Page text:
Pimco joins the list of major financial firms incorporating gold in their portfolio mix. “One thing we’ve done is to start looking at gold,” says Geraldine Sundstrom, portfolio manager, asset allocation at Pacific Investment Management Company, as she explains how the firm is preparing its portfolio in the current market. Sundstrom made the comment in an interview with Bloomberg’s Francine Lacqua.
Goldman recently upgraded its forecast on gold to $2000 per ounce and silver $22 per ounce based on fears of future dollar debasement. “In 2020,” reports Goldman Sachs in a recent client advisory reviewed at ZeroHedge, “the virus has led to unprecedented fiscal and monetary stimulus. It remains unclear how much more stimulus will be deployed by DM governments, how the resulting deficits will translate into higher taxes down the road, and how long monetary policy will remain ultra-loose. Finally, it is unclear whether the crisis leads to second round shocks, such as social unrest, political volatility, or rising international tensions. In such an environment, demand for defensive assets (gold in particular) will continue to expand, in our view.” It goes on to say that “our economists expect inflation over the next 5 years to average 1.73% vs current market pricing of 1.02%. Therefore, real rates in the US are expected to continue to fall, increasing debasement concerns and putting upward pressure on gold.”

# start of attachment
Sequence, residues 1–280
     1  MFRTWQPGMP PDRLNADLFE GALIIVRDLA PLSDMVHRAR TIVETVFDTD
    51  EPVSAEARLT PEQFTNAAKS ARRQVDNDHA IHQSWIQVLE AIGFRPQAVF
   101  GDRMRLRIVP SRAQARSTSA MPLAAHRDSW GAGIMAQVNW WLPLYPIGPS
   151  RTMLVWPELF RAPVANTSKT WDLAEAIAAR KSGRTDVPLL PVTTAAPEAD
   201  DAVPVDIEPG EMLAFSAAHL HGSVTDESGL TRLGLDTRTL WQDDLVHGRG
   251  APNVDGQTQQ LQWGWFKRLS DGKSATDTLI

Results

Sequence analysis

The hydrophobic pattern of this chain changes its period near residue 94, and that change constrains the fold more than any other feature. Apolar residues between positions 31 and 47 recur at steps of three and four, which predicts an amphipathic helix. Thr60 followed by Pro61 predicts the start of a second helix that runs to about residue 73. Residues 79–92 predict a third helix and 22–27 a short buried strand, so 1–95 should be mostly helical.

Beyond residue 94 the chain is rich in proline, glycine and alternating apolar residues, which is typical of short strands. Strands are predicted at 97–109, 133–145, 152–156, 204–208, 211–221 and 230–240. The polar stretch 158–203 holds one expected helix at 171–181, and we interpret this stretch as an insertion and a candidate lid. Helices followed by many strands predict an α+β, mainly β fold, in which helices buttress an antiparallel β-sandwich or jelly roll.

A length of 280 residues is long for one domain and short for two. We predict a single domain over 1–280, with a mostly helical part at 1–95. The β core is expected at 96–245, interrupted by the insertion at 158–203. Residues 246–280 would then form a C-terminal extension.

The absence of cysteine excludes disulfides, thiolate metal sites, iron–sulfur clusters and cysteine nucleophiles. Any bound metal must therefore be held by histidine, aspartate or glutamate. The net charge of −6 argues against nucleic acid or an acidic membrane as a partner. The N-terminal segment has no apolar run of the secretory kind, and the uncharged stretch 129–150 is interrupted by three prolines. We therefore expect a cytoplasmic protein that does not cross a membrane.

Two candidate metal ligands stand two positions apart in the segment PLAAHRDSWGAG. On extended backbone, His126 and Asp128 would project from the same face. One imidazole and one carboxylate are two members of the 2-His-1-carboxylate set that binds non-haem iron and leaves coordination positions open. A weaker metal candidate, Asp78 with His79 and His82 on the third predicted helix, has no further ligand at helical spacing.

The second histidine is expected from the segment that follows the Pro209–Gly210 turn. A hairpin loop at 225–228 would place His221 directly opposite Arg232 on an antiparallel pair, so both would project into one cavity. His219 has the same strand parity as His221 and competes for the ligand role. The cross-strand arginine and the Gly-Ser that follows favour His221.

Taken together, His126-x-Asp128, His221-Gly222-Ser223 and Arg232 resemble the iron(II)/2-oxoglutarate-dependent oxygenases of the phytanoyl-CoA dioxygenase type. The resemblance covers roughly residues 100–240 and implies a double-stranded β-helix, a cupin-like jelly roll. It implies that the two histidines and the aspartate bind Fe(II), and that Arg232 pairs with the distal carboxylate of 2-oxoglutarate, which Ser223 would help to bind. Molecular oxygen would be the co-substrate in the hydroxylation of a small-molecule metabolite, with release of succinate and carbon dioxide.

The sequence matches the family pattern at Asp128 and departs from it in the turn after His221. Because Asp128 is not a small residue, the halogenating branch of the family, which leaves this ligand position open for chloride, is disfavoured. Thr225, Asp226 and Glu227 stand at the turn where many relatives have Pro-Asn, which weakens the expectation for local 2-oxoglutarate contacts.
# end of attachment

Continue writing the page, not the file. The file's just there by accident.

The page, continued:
Table courtesy of the World Gold Council
The strong showing in gold ETF flows the first five months of the year is a reflection of continued interest in gold bullion among funds and institutions hedging an array of economic, financial, and geopolitical concerns. United States stockpiles were up a strong 20.6% in May. Also, note the growing interest in various European countries and Mainland China. At 3510 total metric tonnes, ETF stockpiles globally now exceed the official gold reserves of every nation on earth except the United States.
Editor’s note: Wall Street banks and hedge funds buy gold through ETFs for reasons having to do with convenience and storing/insuring large amounts of metal. A good many Main Street investors, though, still prefer direct ownership in the form of coins and bullion for reasons explained by DoubleLine’s Jeff Gundlach here.
Gold has had a very good year and it’s only half over
Gold Hedger Positions
Gold = Gold hedger positions (Last: -287292)
Red = Gold hedger net as % of Open Interest (Last: -54)
Click to enlarge
by Jason Goepfert, SentimenTrader
Tech isn’t the only asset having a good half-year – gold is, too.